September 2017
Volume 17, Issue 10
Open Access
Vision Sciences Society Annual Meeting Abstract  |   August 2017
Short-term patching does not affect interocular correlation sensitivity
Author Affiliations
  • Jacob Sheynin
    McGill Vision Research, McGill, Dept. Ophthalmology, McGill University, PQ, Canada
  • Alexandre Reynaud
    McGill Vision Research, McGill, Dept. Ophthalmology, McGill University, PQ, Canada
  • Robert Hess
    McGill Vision Research, McGill, Dept. Ophthalmology, McGill University, PQ, Canada
Journal of Vision August 2017, Vol.17, 497. doi:10.1167/17.10.497
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      Jacob Sheynin, Alexandre Reynaud, Robert Hess; Short-term patching does not affect interocular correlation sensitivity. Journal of Vision 2017;17(10):497. doi: 10.1167/17.10.497.

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      © ARVO (1962-2015); The Authors (2016-present)

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Abstract

Binocular vision and subsequently global stereopsis results from the integration of two similar but not identical retinal images. As such, sensitivity to interocular correlation is a necessary precursor to global stereopsis. Short-term (150 mins) monocular deprivation has been shown to both enhance the contribution of the occluded eye to binocular combination and to improving stereoacuity (Ng and Farrell, 2016). In the present study, we adapted the quick Contrast Sensitivity Function (qCSF, Lesmes et al., 2010) to the quick Correlation Sensitivity Function (qCorrSF) to examine the effect of patching on the discrimination of interocular correlation. The stimuli used to measure interocular correlation consisted of two dichoptic noise patterns modulated by a sinusoidal oblique envelope of correlation structure (45° or 135° degrees). At the peak of the sinusoid, the two patterns were maximally correlated and at the trough they were minimally correlated. We compared subjects' baseline qCorrSF to their performance after 150 minutes of monocular deprivation with a diffuser eye-patch, and took an additional measure at 30 minutes after patching. Our study took place over the course of three separate days. Across these sessions, we counterbalanced the order in which we either patched subjects' dominant or non-dominant eye, or conducted a control session where no eye was patched. Our preliminary results have not indicated a consistent effect of patching on subjects' correlation sensitivity function. While patching has been shown to improve stereoacuity, our results indicate that this effect may not be attributed to an enhanced sensitivity to interocular correlation. Acknowledgements ERA-NET NEURON Grant (JTC 2015) to RFH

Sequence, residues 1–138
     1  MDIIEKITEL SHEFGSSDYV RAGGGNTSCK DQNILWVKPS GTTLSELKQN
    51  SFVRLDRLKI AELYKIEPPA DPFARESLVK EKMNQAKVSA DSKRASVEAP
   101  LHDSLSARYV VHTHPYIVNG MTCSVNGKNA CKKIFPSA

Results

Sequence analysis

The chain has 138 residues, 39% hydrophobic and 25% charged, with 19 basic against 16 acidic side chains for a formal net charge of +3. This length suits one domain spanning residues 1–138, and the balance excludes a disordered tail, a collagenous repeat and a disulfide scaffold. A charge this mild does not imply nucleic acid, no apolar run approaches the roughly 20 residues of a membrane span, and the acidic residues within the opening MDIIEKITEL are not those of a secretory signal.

Meeting abstract presented at VSS 2017

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